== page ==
Duke University Department of Computer Science
In everyday life as well as in video games, events happen and we need to respond to them. If a car got off the road in a racing game, it should no longer be able to maintain its speed. It would be nice if we could provide instructions to a user and allow him to dismiss them with a click of his mouse when HE is done reading. At the time that a game begins, certain things must happen. All all these are "events" in Alice; they allow the Alice programmer to respond to something happening in the Alice world. In today's tutorial, we will learn to make our programs respond to mouse clicks and keyboard presses, as well as handing camera control over to the user.
Download the file that we'll be working with today here. Save it in a directory that you can find again, and then start Alice and open it in Alice. NB: You cannot double-click the file to open it; Windows will not know what to use, and even if you select Alice from a list of programs, the loading will fail.
This program will already have some code written to make the characters do certain things. You will be using it, but you don't need to understand how it works, although it's great if you do.
I want to note that, in this tutorial, I'll use the word "action" for Alice's responses to events, although Alice and programming languages call them "methods." I think it is more intuitive to think of "taking an action" in response to an event than calling or "invoking a method."
When you first start any Alice world, the event "When the world starts, do World.myfirstmethod" is always there by default:
The "event" part of this statement is "When the world starts"; Alice's response to this event is "world.my first method." Try running this world and observe that nothing happens when the world starts. This is because the response, "world.my first method," does NOTHING.
Let's make something happen when the world starts. Let's make the blue bird move to the other bird when the world starts. Click on the bluebird in the object tree in the left pane:
Now, scroll down the methods of the bluebird until you see "Bluebird move to." Click and drag this to replace "world.my first method" in the Events pane. When you drop it, a drop down menu will appear, and you sould select bird1->the entire bird1:
Now Play your world and observe what happens as the world starts. You might get a warning when you try to play, but click okay and continue. Notice that now the blue bird will move to the other bird when the world starts. Delete the event "when the world starts" by right-clicking on it and selecting delete. Play your world and observe that, once again, nothing happens when the world starts. For the remainder of the tutorial, we do not need anything to happen when the world starts. (If you don't want to see the annoying warning message every time you run your world, you can delete "World.my first method" for good measure. Just right click and hit delete.)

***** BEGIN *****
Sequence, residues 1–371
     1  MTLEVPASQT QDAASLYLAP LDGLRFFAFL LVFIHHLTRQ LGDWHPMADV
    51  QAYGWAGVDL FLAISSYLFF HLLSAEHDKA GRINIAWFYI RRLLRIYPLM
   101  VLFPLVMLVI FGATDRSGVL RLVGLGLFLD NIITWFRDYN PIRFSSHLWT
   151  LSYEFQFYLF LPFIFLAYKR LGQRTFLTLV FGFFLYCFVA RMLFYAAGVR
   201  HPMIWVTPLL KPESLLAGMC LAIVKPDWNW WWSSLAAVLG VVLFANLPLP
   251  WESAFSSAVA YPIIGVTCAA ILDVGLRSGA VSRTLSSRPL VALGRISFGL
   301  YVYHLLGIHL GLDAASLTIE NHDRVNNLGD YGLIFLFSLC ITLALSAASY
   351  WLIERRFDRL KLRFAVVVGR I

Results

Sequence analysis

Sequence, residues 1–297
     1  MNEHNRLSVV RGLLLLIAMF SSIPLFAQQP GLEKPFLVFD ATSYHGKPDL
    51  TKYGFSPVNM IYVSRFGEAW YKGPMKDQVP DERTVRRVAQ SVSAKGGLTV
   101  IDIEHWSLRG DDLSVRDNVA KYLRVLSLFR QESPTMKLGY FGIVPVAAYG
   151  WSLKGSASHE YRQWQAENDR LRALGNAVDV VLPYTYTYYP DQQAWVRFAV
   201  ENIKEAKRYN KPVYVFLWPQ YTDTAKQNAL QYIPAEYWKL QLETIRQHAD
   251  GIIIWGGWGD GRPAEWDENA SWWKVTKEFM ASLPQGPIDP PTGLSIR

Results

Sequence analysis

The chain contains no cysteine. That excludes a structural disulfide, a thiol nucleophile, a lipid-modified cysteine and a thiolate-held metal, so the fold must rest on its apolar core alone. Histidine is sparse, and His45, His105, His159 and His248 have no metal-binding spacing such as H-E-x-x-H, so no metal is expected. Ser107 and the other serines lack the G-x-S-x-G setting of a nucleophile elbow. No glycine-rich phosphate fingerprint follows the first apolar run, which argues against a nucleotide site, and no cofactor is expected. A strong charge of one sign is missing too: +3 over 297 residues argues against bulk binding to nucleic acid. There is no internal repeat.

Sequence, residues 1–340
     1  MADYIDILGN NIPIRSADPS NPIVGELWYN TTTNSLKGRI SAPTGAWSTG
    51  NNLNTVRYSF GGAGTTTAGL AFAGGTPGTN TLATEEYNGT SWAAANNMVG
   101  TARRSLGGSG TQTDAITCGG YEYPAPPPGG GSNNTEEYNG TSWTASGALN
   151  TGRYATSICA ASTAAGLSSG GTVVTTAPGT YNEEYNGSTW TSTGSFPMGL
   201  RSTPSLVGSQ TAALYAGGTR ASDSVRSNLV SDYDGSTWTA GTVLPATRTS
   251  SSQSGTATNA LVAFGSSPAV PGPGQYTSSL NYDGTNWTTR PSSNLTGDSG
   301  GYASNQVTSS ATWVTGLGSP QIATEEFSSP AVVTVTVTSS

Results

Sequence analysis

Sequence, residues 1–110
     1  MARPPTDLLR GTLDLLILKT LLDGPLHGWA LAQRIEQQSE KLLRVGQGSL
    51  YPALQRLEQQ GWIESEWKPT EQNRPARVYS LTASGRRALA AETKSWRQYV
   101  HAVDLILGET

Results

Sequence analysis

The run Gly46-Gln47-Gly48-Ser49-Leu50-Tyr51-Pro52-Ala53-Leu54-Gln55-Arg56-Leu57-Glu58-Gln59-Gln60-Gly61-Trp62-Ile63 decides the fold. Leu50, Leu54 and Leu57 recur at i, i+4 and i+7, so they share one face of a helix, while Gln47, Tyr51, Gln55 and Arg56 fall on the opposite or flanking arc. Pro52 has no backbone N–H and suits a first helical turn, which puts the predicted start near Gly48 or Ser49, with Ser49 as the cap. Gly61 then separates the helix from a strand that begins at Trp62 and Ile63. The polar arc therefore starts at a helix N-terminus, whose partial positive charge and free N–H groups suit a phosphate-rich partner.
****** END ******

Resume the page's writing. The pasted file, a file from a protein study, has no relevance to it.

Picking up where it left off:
Now, we are going to see how to make Alice respond to a key pressed by the user. In the events pane, click "create new event" and select "when a key is typed."
You should see now that the only event says "When any key is typed, do Nothing.
We can replace "do Nothing" with any action we want Alice to take, including the one in part 2 of this tutorial. Just to show that the action does not matter, let's replace do "Nothing" with bird1's FlyForward method. Just as we did earlier for the bluebird, click on Bird 1 in the object tree and drag the FlyForward method to replace "Nothing."
Now, when you Play your world, pressing (almost) any key should cause the first bird to fly forward. In many games we'd like to be able to differentiate between the different keys pressed, and produce a different behavior when a different key is pressed. This is relatively simple in Alice - click on "any key" and choose a key. I've chosen the F key, since we're making the bird fly forward.
Now, try to follow the steps above to make the bird1 fly backwards when the B key is pressed. When you are done, your screen should look like this:
Play your game to verify that the bird will fly backwards and forwards on demand. Note also that the bird will generally not prematurely end an action to start a new one. Instead, it will tend to finish the action it started before responding to the event of the new keypress.
If you examine the drop-down menu for creating an event, you'll notice that the last two events allow the mouse and/or keyboard to move the camera.
I encourage you to try these, one at a time. For the keyboard, use the arrow keys. For the mouse, you have to click and hold the mouse to activate the event.
There are also two events above those, which enable the user to control any object freely with the keyboard and mouse. Feel free to experiment with the keyboard one, but don't try the mouse until you've learned what a List is in Alice. You should, however, understand the issue with giving the user this much freedom to travel your Alice world. They could get lost, miss the animation you meant for them to see, or see parts of your world you did not intend them to see until a later point.
Professor Rodger's Homepage
Main Tutorial Website
Alice Materials at Duke